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Bedside Clinical Systems featured on Research Innovation and Commercialization Centre (RICC) panel discussion

In an article for, Jon Cook writes, ” ‘The health-care industry is relying more on the private sector for innovation and small businesses need to make sure they have a strong value proposition in order to get their projects funded,’ said Telus Health executive Nicholas Zamora.”

The article describes a panel discussion organized by the Research Innovation and Commercialization Centre (RICC) on the “intersection of health care and technology with the goal of how start-ups can get their solutions into the hands of physicians and hospital administrators.”

Here’s an excerpt:

“It’s about following the money,” said Zamora, who addressed a crowd of about 80 at the inaugural TechNext conference at the Mississauga Convention Centre. “We’re used to different approaches and models, depending on what the market is interested in.”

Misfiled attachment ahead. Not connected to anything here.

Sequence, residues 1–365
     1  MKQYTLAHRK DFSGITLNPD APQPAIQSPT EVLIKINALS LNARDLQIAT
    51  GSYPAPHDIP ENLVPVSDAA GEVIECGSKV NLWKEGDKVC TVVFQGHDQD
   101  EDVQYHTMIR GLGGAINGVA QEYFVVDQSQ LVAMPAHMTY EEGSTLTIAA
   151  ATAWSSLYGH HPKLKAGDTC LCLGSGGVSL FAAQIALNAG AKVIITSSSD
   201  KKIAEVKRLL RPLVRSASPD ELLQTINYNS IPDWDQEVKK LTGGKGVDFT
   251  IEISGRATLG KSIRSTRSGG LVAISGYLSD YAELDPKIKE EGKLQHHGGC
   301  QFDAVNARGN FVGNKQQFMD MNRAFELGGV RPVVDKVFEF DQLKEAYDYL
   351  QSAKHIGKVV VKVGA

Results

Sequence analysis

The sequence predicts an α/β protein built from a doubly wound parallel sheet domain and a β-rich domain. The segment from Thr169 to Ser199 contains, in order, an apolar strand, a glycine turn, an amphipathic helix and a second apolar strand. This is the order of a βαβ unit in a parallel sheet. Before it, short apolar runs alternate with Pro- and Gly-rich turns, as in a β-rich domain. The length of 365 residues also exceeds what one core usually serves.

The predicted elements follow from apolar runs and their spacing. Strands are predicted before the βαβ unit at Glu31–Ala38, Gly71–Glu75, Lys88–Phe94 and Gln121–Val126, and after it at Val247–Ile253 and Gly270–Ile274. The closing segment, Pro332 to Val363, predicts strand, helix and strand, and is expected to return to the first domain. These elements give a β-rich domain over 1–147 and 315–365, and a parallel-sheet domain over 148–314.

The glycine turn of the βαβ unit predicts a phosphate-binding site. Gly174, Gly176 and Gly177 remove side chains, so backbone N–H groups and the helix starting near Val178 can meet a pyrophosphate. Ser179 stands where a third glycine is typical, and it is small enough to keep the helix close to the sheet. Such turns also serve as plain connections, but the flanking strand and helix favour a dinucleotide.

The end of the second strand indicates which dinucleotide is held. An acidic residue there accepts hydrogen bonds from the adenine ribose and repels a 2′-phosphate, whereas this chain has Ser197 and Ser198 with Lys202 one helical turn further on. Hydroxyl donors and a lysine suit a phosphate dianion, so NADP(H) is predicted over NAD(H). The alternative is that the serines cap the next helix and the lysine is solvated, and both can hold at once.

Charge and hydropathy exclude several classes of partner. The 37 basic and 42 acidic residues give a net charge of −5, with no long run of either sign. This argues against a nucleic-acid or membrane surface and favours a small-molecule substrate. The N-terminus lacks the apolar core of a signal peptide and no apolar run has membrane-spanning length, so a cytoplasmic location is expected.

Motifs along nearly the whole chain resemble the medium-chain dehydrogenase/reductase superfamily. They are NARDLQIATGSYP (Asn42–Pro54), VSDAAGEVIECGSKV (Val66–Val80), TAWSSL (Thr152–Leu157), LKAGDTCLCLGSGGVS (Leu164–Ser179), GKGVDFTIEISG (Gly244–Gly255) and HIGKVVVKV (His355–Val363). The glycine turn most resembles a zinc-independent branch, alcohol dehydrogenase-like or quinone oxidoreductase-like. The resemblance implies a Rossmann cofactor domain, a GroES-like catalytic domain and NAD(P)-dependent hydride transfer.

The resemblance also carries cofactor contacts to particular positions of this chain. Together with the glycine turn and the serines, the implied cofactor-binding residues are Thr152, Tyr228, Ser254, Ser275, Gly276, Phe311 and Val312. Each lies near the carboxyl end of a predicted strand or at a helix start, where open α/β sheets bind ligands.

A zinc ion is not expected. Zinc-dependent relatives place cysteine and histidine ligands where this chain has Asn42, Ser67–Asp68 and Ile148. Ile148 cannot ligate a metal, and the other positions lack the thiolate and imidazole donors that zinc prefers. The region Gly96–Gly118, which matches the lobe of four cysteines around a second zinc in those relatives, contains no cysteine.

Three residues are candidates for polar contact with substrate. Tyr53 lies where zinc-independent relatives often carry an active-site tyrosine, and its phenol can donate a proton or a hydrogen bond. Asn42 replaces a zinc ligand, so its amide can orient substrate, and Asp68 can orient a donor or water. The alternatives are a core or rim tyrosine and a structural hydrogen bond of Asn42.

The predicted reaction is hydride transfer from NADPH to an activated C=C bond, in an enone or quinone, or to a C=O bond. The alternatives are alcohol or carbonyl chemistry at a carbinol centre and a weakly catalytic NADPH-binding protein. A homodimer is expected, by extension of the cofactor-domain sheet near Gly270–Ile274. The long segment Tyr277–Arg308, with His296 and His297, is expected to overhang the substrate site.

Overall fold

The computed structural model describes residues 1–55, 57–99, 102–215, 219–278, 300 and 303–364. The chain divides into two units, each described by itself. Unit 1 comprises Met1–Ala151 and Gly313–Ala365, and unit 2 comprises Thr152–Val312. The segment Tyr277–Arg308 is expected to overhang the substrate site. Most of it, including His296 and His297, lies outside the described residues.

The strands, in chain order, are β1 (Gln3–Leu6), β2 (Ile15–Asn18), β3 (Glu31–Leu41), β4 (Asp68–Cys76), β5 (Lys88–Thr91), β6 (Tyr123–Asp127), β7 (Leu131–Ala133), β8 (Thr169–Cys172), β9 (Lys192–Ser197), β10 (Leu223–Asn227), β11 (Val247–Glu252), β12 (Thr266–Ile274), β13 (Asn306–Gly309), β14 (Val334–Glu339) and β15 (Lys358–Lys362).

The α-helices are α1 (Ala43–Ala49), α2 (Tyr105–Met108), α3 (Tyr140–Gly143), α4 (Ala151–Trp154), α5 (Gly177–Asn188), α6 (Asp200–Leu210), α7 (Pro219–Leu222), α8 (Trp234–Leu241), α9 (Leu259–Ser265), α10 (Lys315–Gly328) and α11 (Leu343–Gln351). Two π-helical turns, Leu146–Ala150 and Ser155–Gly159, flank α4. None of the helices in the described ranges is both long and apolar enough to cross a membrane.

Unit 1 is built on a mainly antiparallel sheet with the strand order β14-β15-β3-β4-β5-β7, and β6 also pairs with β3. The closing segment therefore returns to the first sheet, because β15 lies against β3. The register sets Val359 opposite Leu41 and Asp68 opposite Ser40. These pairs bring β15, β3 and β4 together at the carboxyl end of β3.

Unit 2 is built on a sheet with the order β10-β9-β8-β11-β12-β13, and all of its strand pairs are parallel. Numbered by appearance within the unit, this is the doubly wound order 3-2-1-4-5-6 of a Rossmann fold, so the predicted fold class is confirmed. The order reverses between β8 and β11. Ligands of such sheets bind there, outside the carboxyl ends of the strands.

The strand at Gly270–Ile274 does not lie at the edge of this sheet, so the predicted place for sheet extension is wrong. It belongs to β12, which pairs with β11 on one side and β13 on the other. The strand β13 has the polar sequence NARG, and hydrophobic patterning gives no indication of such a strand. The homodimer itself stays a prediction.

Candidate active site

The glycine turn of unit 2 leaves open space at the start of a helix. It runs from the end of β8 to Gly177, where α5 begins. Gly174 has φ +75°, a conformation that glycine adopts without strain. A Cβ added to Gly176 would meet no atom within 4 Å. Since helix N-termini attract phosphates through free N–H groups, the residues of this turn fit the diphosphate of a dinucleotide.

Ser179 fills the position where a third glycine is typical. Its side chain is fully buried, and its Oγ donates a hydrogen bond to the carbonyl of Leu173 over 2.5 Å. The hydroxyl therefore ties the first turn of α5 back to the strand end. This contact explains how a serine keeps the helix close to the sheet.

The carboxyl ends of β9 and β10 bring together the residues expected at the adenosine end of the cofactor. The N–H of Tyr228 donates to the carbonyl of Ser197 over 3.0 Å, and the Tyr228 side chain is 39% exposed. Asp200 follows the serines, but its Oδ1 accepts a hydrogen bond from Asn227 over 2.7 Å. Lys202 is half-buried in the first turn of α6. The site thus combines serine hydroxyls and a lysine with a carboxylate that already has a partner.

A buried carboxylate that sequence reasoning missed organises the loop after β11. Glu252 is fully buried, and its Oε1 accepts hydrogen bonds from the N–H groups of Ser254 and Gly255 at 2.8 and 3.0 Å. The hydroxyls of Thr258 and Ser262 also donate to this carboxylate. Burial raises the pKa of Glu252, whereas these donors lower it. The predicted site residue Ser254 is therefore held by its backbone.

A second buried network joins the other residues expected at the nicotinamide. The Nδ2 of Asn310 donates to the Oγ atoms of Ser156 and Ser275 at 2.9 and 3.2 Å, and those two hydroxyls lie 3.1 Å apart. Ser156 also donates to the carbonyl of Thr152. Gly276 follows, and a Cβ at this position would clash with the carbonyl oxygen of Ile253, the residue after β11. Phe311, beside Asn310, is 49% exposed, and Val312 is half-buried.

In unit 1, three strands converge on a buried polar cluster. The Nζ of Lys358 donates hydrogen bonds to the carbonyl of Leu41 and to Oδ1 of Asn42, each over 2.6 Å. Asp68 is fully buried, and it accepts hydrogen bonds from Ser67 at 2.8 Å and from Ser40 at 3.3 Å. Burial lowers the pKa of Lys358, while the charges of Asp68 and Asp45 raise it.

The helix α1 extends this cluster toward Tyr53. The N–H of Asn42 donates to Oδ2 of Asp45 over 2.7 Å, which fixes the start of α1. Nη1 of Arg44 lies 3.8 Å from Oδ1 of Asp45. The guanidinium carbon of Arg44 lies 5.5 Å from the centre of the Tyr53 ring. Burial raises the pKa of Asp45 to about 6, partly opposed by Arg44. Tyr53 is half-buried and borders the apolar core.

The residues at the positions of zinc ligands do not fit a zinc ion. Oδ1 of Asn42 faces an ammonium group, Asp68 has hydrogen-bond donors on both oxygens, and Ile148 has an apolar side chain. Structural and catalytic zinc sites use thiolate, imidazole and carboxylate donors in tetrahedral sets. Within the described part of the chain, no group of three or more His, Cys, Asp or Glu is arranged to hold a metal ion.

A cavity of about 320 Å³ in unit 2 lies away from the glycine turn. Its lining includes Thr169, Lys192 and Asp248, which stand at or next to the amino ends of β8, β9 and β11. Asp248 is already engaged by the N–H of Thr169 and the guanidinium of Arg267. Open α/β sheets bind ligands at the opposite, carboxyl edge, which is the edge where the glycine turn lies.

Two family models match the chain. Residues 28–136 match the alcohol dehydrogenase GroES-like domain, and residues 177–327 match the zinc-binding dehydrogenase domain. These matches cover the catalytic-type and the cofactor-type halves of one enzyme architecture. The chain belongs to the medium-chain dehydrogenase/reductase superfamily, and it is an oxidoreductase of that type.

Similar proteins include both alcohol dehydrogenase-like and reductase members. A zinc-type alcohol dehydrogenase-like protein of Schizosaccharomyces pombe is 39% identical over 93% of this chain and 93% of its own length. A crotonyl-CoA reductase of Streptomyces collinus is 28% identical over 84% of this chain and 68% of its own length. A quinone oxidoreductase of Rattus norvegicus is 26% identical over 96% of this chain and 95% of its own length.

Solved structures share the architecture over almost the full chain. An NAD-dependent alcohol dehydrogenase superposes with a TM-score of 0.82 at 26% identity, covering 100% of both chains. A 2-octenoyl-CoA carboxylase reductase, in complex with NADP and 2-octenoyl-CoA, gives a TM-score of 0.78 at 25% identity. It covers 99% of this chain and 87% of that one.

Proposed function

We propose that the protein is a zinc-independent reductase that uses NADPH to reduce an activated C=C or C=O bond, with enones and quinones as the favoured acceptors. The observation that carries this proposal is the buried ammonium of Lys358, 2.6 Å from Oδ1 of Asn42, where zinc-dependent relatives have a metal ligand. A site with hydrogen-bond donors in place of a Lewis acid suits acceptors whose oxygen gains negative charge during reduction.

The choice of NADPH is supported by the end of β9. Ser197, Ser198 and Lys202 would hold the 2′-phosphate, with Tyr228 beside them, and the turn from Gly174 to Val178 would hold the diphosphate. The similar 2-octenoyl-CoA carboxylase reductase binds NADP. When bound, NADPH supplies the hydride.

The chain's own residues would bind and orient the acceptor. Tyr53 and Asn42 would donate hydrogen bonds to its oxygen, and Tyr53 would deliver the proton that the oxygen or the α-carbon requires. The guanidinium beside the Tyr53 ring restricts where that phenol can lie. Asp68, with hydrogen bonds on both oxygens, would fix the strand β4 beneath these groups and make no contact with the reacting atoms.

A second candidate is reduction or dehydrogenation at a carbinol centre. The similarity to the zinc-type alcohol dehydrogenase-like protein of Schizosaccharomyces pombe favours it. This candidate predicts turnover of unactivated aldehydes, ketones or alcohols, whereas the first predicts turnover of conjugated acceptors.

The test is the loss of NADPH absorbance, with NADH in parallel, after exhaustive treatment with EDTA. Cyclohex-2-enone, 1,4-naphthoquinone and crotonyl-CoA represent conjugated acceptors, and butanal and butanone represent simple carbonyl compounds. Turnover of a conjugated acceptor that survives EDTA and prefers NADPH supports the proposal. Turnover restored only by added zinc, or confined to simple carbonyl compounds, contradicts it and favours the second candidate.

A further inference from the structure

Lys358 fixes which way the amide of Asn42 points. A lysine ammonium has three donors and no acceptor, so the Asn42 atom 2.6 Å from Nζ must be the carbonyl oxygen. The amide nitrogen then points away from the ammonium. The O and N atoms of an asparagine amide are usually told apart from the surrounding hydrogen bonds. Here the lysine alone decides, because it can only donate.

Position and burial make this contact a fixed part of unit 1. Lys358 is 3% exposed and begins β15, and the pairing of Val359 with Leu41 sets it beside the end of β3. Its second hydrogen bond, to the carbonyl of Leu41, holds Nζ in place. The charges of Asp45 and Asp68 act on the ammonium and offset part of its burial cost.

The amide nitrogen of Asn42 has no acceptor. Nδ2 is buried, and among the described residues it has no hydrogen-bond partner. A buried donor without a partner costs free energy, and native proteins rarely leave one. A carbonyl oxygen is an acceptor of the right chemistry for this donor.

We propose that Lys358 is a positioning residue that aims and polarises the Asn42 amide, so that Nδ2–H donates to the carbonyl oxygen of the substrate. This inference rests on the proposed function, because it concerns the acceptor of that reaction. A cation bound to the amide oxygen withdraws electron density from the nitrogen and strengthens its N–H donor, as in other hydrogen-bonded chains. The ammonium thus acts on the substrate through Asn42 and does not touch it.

Telus Health, a spinoff of telecom parent Telus (TSX:T), has quickly become a player in the industry. It pulls in $1 billion in annual revenues, has 9,000 physicians using its electronic medical record (EMR) solution that has 130,000 registered patients.

. . .

As Telus Health’s chief clinical advisor, Zamora said it’s his job to find these ‘pockets of innovation’ and connect them to patients through collaborations with organizations like Mississauga-based Trillium Health Partners.

Rajesh Sharma, CEO of Bedside Clinical Systems, a MaRS Innovation start-up commercialized out of The Hospital for Sick Children, was included on the panel.

BCS’s software, Cook writes, “acts as an early warning system for young children who are at greater risk for cardiac arrest. BCS began testing the product in area hospitals for six months before landing its first client.”

The full article is no longer available on



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